than to be like you!…
stop what you do!…
stop killing us!…
you did enough!…
you killed so much!…
just stay away from us!”…
US Drones and The “Global War on Terrorism”
By Andy Lee Roth
Global Research, October 02, 2012
The initial US response to the deadly attack on the nation’s Libyan embassy includes deploying spies, Marines, and drones. Current reports indicate that US drones operating in Libyan airspace will be limited to surveillance. But the decision to deploy them in this highly volatile situation ought to force American citizens to reflect on a somber anniversary. It warns against believing that drones provide a costless way to curb our terrorist enemies.
Americans should remember September 30, 2011, the day that drones unleashed by the CIA and Joint Special Operations Command (JSOC) targeted American citizen Anwar Al-Aulaqi, killing him and at least three other people, including a second US citizen, Samir Khan. Al-Aulaqi had been on CIA and JSOC “kill lists” since late 2009 or early 2010, and the target of previous drone strikes. Although US officials alleged that Khan was not a target in the September 2011 strike, they contended that he too played an active role in Al Qaeda in the Arabian Peninsula. A subsequent US drone strike in Yemen on October 14, 2011, killed seven people, including Al-Aulaqi’s 16-year old son, Abdulrahman, also an American citizen.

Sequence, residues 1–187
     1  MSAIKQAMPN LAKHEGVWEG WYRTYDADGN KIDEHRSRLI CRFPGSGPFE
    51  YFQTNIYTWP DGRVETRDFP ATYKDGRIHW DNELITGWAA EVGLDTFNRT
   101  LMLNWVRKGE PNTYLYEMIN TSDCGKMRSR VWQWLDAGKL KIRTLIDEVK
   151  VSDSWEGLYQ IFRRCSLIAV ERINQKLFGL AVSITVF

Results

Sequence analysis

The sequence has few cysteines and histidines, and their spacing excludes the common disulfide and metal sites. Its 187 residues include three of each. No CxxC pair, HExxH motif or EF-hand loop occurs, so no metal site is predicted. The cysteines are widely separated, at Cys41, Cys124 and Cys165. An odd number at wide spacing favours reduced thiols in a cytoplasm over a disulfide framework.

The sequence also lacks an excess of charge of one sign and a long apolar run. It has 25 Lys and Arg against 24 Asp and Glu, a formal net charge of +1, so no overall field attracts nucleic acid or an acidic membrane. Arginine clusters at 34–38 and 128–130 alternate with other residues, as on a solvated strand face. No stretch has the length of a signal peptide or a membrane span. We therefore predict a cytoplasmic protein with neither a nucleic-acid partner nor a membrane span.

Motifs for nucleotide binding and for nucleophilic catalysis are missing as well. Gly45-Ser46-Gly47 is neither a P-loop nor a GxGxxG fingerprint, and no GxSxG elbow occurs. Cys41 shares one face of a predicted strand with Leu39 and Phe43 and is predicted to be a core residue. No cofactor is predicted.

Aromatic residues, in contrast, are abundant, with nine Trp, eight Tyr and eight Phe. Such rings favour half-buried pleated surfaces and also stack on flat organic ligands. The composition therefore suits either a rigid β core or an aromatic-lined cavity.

Their deaths were part of an ongoing, systematic program of US drone strikes against suspected terrorists in countries outside the context of armed conflict. The US has conducted targeted killings in Yemen, Pakistan, and Somalia since 2002, though this campaign intensified dramatically in 2009 after President Obama took office.
The anniversary of Anwar Al-Aulaqi’s death underscores two interrelated and intractable problems with our reliance on drones. Internationally, drones intensify our enemies’ resolve because drones, no less than the suicide bombers and roadside devices that Americans have come to dread, are instruments of terror and lawless death. Domestically, drone strikes against US citizens on foreign soil usurp even the pretense of legal due process.
Force, Simone Weil once observed, is pitilessly intoxicating to those who possess it. So it is not surprising that neither the American public nor their leaders have sought an informed public debate about the use of drones for targeted killings. Does their deployment makegood sense in terms of national security? Is the nation’s drone-based response to terrorism even legal under the US constitution and international law?